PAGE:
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K-State Today

August 12, 2016



Kansas 4-H revitalizing Paraguay 4-H program

By Barbara Stone

In observance of International Youth Day, Aug. 12, Kansas State University's Extension 4-H program is revitalizing a relationship with the Paraguay 4-H program, a 40-year relationship with Partners of the Americas. 4-H in an American program that provides positive youth development by promoting citizenship, healthy living, science education, leadership skills, and more.

"We like to see kids learning that they need to give back to the community in community service projects," said Deryl Waldren, 4-H specialist for K-State Research and Extension's northwest area in Colby. "The best way is to look at local needs and develop a plan or a project that will give back to the community what that community needs. Obviously, 4-H around the world is based on local needs, but there are certain things we hope 4-H is teaching, which is life skills through these and other projects."

Worldwide, there are more than 7 million youth in at least 80 countries who are involved in similar, 4-H-inspired youth development programming. Some of these programs across the globe include the Finnish 4-H program, which is more than 90 years old, and the Korea 4-H program, more than 75 years old.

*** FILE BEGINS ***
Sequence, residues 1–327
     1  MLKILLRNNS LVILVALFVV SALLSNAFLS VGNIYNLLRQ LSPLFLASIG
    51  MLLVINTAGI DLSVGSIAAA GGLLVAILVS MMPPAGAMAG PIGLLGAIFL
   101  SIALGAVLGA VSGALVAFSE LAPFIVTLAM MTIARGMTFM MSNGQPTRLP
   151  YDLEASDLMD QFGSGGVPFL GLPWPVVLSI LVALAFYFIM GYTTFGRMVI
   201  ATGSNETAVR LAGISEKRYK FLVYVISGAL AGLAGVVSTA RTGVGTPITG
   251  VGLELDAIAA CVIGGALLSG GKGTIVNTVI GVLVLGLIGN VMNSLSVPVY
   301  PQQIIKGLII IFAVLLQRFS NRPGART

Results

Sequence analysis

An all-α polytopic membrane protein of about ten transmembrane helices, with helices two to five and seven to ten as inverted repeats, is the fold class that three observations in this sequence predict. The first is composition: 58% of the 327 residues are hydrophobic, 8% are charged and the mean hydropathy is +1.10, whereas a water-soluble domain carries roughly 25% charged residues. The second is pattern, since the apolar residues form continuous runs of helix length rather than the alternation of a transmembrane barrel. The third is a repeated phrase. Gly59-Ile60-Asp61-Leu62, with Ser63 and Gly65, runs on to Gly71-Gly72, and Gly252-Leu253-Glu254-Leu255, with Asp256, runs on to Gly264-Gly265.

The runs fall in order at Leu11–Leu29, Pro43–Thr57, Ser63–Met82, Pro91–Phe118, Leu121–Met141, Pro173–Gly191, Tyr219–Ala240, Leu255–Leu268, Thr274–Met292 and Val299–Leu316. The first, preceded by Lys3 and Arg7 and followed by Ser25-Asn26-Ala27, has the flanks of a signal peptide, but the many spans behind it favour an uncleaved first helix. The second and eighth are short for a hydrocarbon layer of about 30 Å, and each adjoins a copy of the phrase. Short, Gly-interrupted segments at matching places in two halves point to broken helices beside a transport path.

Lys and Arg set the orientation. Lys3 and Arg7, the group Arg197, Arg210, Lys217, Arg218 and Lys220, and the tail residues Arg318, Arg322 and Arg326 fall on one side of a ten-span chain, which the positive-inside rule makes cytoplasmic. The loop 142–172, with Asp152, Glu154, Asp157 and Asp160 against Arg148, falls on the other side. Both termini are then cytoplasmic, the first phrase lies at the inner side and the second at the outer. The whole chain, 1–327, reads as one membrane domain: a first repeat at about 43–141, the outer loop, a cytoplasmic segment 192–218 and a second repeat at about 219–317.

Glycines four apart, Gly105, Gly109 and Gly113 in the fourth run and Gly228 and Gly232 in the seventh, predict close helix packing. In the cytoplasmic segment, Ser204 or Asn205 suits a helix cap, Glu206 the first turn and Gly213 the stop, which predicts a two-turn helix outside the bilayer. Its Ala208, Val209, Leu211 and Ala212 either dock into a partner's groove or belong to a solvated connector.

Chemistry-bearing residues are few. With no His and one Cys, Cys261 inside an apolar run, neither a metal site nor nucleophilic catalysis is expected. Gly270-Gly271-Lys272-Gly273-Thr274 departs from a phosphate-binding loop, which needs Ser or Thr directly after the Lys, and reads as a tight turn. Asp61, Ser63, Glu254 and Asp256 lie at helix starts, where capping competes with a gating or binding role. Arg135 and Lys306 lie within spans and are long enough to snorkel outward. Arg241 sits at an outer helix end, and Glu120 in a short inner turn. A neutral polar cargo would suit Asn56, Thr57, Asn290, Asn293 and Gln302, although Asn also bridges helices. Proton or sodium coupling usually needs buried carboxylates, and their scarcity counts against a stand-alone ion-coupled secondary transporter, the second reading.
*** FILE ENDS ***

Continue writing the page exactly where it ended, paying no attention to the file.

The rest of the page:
Youth development can take any number of paths to grow abroad, including land-grant university staff who mentor other countries as they develop their own programs modeled after 4-H. In Senegal, youth grow vegetable seedlings and organize money-raising traditional Senegalese wrestling events in a positive youth development program modeled after Virginia Cooperative Extension's 4-H program.

In addition, States' 4-H International Exchange Programs, a non-profit organization headquartered in Seattle, Washington, sponsors international exchange programs for cultural immersion and exchange programs. These exchanges create opportunities for 4-H'ers to gain global experience in leadership, service, and project work.

Since 1972, these exchanges have reached nearly 50,000 youth and their families in 24 countries on six continents.

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